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Fiber-optic Frequency Comb Development


To support comb-based measurements outside the metrology laboratory, we develop high performance, robust frequency combs based on fiber-optic technology.


fiber frequency comb design

Basic fiber frequency comb design.  Upper left shows the total optics package, which is the size of a laptop.  Upper right shows the field programmable gate array (FPGA) digital electronics for phase locking the comb.  The lower panel shows the design, which primarily uses standard fiber-optic components developed for the telecommunication industry.

Frequency combs have found a wide range of applications beyond just optical metrology. Applications include laser ranging, precision molecular spectroscopy in the lab and over the air, optical timing distribution, low-noise microwave generation and support for optical clocks. All these applications share several requirements for the underlying frequency combs. The frequency combs must be relatively low cost since multiple frequency combs are often needed. (Many systems require a minimum of two frequency comb.) They must be relatively low power and compact if they are to be realistically considered for any field applications. Finally, the frequency combs must be able to operate with high phase stability outside the metrology laboratory, over long periods of time, and under environmental perturbations.  While chip scale combs may one day be a practical alternative, the current solution for fieldable combs remains fiber frequency combs with polarization-maintaining (PM) erbium (Er) fiber. The Fiber Sources and Applications Group has developed such systems with increasing levels of performance, including operation at up to 1 g of vibrations. It is now incorporated in multiple different experiments at NIST and elsewhere. Over a dozen operate routinely and continuously at NIST, including in a month-long demonstration of a femtosecond-level optical time base. Through NIST-hosted workshops and CRADAs, the basic NIST fiber frequency comb design has been transferred to the US Aerospace industry and other national laboratories. In addition, the digital-based phase-locking electronics (both hardware and firmware) are publicly available on the NIST web server.  Most recently, a collaboration at NIST has developed a hybrid frequency comb design that combines a fiber-optic oscillator with supercontinuum generation in a Silicon-nitride waveguide for a low-power comb.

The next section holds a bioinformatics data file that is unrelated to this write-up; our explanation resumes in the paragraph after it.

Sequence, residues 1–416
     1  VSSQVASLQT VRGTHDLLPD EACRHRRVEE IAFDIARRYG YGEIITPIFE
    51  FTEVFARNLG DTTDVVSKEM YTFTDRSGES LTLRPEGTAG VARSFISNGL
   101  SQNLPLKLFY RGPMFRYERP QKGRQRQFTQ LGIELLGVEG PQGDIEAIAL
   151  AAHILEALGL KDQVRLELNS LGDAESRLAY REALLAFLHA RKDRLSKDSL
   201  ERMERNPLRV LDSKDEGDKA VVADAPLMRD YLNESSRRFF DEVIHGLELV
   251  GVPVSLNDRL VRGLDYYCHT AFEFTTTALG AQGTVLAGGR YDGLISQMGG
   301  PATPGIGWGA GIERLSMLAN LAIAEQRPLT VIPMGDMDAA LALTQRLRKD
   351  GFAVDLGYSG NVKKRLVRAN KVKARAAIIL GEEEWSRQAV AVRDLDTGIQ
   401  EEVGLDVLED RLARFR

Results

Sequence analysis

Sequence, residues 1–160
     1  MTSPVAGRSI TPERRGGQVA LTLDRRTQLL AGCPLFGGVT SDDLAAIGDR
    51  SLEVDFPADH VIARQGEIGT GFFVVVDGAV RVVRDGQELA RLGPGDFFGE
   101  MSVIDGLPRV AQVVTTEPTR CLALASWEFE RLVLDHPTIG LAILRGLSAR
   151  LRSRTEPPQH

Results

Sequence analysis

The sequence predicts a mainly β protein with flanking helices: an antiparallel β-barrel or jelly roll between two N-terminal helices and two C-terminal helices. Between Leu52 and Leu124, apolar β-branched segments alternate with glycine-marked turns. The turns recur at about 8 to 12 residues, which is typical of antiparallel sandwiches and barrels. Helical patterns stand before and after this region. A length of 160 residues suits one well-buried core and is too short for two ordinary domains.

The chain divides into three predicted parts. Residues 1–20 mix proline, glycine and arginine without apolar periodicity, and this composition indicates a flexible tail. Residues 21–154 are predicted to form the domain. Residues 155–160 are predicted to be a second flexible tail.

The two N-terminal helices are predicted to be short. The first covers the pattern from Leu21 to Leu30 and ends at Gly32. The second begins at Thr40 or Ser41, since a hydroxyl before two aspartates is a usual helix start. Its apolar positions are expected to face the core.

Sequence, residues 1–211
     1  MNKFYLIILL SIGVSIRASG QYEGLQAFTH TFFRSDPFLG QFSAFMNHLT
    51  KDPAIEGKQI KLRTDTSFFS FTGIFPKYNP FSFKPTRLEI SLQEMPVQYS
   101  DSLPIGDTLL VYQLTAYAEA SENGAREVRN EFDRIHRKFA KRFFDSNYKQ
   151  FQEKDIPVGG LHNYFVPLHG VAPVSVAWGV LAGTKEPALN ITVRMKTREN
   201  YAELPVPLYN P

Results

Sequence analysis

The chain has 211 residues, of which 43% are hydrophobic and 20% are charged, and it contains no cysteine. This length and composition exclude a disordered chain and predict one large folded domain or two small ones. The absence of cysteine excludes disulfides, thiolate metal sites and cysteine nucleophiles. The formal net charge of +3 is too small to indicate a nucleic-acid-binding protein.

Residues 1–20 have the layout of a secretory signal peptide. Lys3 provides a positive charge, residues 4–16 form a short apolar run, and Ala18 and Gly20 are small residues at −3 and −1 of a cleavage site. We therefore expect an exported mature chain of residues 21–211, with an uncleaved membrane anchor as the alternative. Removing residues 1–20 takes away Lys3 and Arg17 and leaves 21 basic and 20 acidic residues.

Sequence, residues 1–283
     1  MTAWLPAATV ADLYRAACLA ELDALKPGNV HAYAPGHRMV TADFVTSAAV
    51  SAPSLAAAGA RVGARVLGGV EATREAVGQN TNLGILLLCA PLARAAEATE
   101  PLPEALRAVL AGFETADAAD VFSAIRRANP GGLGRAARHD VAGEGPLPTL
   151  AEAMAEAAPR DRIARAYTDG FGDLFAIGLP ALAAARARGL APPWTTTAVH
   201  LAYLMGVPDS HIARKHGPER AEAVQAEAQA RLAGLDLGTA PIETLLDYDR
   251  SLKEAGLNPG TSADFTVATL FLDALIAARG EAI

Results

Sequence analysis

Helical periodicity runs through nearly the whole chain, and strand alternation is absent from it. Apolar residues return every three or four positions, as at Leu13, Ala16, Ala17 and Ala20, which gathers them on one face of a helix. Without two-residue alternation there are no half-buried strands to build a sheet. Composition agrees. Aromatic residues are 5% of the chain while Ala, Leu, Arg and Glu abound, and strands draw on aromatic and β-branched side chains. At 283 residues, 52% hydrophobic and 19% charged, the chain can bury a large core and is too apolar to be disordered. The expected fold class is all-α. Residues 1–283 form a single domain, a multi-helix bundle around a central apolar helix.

Created April 30, 2018, Updated May 4, 2021